One of my goals is to get fruitcake to rank right up with flourless chocolate cake on the list of everyone's favorite desserts. Well, may not that high on the list, but it certainly should crack the Top Ten. I'm one of the few people in the world who actually likes fruitcake. I remember being a young girl and having it all to myself because, in our household of seven, no one else would touch it, even my German dad, who'd eat raw hamburger and onion sandwiches! Decades ago, in an effort to make fruitcake more inviting to the non-believers around me, I started tinkering with Julia Child's recipe. I found that most people objected to the way the combination of bitter-ish fruit and the taste of raw alcohol in commercial cakes. After tweaking the recipe for a few more holidays, I found a combination that my sons and their kids actually like. (It helps a lot to let the kids taste the cool neon-colored cherries as you're preparing the fruit.) I stuck the word "beginner" in the title for two reasons: it's easy enough for a non-baker to be a success, and it makes a good first impression on kids. Fruitcake connoisseurs should feel free to add grated fresh or candied or dried ginger, cloves, nutmeg, mace and/or allspice to the batter, and/or macerate the fruit in a cup of dark rum or bourbon in place of the juice. The cakes can be served as is warm from the oven, but I like them better when the flavors have mellowed somewhat a day or two after baking. I've never had a fruitcake that lasted longer than a month, so I'm not sure how much longer than that these cakes can be stored, but I bet they won't be around long enough to be used as door stops. I keep score and in 2010, I gave out 17 copies of this recipe. Not quite enough to knock flourless chocolate cake off the list, but I'm getting there. . . —betteirene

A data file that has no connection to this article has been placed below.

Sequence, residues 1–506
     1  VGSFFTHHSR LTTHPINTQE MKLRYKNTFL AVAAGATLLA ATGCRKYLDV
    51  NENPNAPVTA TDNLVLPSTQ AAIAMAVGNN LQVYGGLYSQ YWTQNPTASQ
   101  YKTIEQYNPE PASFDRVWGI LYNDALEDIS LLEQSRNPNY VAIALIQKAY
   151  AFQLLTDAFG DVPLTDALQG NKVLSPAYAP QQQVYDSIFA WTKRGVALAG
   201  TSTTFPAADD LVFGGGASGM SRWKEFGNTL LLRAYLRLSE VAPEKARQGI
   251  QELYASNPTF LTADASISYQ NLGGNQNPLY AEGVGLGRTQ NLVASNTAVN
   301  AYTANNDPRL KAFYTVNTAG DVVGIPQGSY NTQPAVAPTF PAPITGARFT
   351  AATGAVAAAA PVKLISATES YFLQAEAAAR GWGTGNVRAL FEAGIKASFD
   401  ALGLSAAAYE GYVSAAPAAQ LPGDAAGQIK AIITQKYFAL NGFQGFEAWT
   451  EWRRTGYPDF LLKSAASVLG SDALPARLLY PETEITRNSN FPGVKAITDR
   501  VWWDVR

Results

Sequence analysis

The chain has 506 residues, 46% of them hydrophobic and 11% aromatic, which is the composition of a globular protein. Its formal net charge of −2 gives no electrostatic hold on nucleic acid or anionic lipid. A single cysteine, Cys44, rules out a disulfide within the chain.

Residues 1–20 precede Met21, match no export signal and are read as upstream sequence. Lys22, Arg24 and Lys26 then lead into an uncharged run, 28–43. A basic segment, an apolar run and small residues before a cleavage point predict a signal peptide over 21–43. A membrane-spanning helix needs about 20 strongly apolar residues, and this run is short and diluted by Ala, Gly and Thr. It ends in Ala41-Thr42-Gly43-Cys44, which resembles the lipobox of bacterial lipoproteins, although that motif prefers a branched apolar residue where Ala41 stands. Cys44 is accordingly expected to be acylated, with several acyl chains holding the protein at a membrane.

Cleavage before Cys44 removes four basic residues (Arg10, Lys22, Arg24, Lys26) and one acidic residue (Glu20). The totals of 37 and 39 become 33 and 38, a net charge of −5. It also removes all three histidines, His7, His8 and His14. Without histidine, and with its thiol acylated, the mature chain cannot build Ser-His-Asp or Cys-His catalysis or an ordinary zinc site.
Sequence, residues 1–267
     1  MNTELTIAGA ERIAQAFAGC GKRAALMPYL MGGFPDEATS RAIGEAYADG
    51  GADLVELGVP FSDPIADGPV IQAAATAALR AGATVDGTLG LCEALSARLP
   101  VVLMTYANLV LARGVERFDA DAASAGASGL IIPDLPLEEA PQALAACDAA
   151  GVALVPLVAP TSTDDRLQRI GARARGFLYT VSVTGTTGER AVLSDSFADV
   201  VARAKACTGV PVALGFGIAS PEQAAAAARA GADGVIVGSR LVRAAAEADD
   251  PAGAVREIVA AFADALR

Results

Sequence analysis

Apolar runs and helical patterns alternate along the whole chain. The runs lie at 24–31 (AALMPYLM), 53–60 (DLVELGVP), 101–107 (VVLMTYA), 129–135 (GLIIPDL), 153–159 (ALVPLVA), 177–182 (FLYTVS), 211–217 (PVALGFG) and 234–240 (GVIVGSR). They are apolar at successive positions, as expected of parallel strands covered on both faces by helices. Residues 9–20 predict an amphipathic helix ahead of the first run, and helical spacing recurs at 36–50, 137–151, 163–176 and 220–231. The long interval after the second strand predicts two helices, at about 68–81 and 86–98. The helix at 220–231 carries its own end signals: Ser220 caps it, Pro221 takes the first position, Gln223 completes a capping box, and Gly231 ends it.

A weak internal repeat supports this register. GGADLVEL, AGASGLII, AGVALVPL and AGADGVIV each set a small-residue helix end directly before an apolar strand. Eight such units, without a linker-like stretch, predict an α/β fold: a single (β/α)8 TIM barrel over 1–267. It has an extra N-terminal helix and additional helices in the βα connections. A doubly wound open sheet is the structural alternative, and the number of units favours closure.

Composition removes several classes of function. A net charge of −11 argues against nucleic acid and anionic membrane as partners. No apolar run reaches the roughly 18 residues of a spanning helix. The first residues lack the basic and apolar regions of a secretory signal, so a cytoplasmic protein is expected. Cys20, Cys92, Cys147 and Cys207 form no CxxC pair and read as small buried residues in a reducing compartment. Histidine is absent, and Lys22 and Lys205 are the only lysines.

The day before you plan to bake, place the dried fruits and raisins in a colander or large strainer and rinse well under hot running tap water to remove any preservatives from the fruit. Shake off as much water as possible, and place the fruits in a very large bowl. Add the nuts, the juice and the zest to the fruit mixture. Stir until very well combined. Cover the bowl with plastic wrap and refrigerate overnight.
When ready to bake, preheat oven to 300 degrees. Line three 8"x4" loaf pans with parchment.
Place butter in a large mixing bowl and allow it to come to room temperature. Beat in the granulated sugar, molasses (or the dark brown sugar) and vanilla until the mixture becomes fluffy. Add the eggs, one at a time, beating well after each addition.
In a medium bowl, whisk together the flour, cinnamon, salt and baking powder. Add it to the butter-sugar-egg mixture and stir well by hand. Remove the fruit-nut mixture from the refrigerator, add it to the batter and blend thoroughly, being careful not to overmix.
Divide batter evenly into pans. Arrange red and green cherries and/or nuts decoratively on top of batter, if desired. Bake on the middle rack of the oven for 2 hours, checking for doneness after 1 hour and 30 minutes. The cakes will show cracks and will have risen slightly; a skewer inserted through a crack should come out fairly clean, with no wet dough clinging to it. Let cakes cool about 20 minutes in pans, then remove from pans and allow to cool completely before removing parchment and wrapping cakes very tightly in plastic. Store at a cool room temperature.